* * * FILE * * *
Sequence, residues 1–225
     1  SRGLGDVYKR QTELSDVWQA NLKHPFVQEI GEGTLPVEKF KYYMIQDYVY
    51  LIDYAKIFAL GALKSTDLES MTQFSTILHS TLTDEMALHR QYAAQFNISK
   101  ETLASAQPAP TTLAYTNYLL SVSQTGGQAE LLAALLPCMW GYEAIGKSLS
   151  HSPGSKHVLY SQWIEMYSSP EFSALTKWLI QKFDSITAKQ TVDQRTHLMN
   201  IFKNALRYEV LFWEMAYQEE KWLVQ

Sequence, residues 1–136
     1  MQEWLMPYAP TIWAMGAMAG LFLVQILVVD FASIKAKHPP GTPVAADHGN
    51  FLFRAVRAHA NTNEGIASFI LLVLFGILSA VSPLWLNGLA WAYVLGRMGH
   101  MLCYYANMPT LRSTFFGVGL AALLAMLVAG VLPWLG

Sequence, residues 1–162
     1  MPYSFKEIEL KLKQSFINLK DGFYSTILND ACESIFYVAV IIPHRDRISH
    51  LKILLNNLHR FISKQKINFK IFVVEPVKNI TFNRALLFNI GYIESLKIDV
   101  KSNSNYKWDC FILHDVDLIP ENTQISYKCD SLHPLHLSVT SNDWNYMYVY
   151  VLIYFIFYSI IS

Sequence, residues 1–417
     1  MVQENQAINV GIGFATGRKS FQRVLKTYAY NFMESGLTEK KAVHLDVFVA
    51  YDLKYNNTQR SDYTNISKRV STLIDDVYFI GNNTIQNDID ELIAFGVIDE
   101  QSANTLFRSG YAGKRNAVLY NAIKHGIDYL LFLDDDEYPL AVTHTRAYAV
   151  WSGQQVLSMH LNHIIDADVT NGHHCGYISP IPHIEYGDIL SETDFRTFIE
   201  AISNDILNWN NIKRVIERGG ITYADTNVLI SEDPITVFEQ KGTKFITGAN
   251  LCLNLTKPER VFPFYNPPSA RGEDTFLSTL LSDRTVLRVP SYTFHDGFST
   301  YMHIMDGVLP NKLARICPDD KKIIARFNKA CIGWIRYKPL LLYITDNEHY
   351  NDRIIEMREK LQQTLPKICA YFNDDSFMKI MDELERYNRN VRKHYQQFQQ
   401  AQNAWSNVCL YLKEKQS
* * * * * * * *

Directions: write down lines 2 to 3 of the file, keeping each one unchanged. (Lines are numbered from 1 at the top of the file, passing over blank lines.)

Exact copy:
     1  SRGLGDVYKR QTELSDVWQA NLKHPFVQEI GEGTLPVEKF KYYMIQDYVY
    51  LIDYAKIFAL GALKSTDLES MTQFSTILHS TLTDEMALHR QYAAQFNISK